After the struggle between republicans and monarchist in the s and the boulangiste ausnahmezustwnd of the late s being adverted, the democratic regime can be considered as established. The Ausnahmeustand nation-state founded in was a constitutional monarchy and a liberal oligarchy rather than democratic; but from the s onwards it underwent processes of de facto parlamentarisation with governments asking the Chamber of Deputies for ausnahmezustaand of confidence and democratisation through expansion of the electorate.

The comparative approach will serve to carve out the peculiarities of each case, but is also ausmahmezustand to help us explain different practices — such as the broader recourse to special laws in Italy — and find out whether the difference of political regimes played a role. Thomas Blanck University of Cologne A revolutionary state of exception: Schmitt experienced the revolutionary collapse of the German Empire firsthand: In doing so, it connects the abstract level of Begriffsgeschichte with the history of the actual implementation of emergency measures.

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In other words, the central question is: The paper will focus on Munich in the years and After the end of World War I, the former capital of the Ausnahmezustamd Kingdom became the arena for a revolution that in many ways was far more radical and had longer lasting effects than elsewhere in Germany. Thus, Bavaria found itself in a twofold state of exception: On the other hand, the proclaimed Bavarian Freistaat free state itself was an exception within the framework of post-war Germany, challenging the authority of the newly formed republican government in Berlin.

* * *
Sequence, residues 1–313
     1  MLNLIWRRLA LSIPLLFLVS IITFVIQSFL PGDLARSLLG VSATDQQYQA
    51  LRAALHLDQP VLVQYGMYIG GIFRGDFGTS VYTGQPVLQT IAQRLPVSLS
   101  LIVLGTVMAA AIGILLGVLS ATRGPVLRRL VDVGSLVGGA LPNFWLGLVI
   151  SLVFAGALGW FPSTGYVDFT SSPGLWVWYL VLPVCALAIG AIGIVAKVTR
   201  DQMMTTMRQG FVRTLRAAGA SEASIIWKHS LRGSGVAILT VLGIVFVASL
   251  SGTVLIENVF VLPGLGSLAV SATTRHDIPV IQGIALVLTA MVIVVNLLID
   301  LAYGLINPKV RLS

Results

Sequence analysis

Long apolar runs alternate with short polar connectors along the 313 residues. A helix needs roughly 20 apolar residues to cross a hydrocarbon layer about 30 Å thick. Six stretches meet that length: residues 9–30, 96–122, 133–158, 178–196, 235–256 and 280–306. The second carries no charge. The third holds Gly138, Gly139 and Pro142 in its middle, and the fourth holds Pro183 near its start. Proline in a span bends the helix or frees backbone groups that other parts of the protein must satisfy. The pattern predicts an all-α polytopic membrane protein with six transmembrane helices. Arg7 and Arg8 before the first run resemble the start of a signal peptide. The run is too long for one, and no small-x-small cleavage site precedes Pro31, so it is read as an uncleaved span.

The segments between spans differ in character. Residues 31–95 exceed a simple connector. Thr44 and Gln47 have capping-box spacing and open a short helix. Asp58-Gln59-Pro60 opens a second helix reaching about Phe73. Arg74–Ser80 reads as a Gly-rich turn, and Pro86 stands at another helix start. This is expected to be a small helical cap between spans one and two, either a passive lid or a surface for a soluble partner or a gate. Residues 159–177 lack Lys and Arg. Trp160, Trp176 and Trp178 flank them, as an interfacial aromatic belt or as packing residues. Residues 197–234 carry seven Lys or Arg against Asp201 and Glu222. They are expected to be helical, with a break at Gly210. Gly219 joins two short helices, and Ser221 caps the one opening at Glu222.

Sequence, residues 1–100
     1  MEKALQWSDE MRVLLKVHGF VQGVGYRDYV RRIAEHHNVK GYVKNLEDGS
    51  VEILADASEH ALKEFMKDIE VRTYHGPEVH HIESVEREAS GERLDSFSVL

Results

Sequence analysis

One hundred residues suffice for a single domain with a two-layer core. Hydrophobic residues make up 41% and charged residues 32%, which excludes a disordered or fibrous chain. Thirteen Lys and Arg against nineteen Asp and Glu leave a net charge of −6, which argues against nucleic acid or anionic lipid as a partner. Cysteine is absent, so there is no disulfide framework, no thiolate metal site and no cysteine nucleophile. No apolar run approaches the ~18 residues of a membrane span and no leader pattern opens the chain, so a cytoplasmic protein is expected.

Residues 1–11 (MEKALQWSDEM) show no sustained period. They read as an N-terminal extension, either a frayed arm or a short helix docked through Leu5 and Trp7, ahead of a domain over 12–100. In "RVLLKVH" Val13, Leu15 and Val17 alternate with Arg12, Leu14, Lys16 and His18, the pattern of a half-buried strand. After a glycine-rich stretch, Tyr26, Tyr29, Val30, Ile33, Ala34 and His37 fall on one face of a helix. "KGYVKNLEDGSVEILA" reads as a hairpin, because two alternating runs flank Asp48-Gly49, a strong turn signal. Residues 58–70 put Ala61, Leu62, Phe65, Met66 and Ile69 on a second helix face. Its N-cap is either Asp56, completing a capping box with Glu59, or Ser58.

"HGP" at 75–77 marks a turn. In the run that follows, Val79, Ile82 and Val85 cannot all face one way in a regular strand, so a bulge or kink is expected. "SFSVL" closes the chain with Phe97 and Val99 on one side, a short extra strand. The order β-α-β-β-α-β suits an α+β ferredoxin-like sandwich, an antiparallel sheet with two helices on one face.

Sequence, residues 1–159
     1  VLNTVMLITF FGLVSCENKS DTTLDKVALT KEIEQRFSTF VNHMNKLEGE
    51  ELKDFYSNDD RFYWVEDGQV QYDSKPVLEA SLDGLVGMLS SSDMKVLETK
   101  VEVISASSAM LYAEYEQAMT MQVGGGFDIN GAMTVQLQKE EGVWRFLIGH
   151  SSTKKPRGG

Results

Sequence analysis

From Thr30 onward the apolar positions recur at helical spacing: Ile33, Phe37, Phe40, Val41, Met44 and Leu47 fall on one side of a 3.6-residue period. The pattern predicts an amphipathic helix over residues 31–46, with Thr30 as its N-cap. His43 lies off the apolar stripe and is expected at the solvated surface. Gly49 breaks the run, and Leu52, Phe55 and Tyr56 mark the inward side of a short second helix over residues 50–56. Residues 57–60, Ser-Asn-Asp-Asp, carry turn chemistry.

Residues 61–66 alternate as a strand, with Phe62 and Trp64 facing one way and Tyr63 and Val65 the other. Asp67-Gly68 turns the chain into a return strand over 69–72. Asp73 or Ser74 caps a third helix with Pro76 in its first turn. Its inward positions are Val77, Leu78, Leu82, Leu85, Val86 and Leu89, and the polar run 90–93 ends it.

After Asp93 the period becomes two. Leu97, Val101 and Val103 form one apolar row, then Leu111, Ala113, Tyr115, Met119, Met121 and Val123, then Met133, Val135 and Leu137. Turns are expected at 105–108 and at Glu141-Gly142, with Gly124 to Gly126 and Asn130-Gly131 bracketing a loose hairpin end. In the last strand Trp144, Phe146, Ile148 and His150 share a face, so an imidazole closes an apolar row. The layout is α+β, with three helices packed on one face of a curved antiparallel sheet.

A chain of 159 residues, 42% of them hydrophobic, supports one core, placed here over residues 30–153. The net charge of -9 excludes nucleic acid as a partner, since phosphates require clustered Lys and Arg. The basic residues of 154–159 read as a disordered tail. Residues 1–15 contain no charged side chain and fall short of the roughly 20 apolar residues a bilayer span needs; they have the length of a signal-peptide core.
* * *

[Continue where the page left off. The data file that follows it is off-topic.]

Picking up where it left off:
The question posed above will be answered in three steps. First, I will delineate the evolution of the state of exception in Bavaria on a juridical and normative level. On which juridical sources were aisnahmezustand countless revolutionary emergency decrees based on — if they had a juridical base at all? Second, I will examine the discourse on the exceptionality of the situation, be it regarding the political actors in Munich who legitimized their actions by describing themselves as the exceptional forefront of political and societal renewal in Germany, be it regarding the external perception of the Bavarian revolution.

How did the revolutionary and counter-revolutionary forces — both operating officially in the name of freedom and democracy — publicly justify and communicate their actions that clearly violated the existing legal order?

In a third step, I will look at the state of exception as a factor of political mobilization. Or should one rather argue that once exceptional measures have been applied, there is no such thing as a normalcy anymore? Ausnahmezsutand emergency was repeatedly being invoked during the debate on terrorism in West Germany in the s.

Paperroom – Demokratie im Ausnahmezustand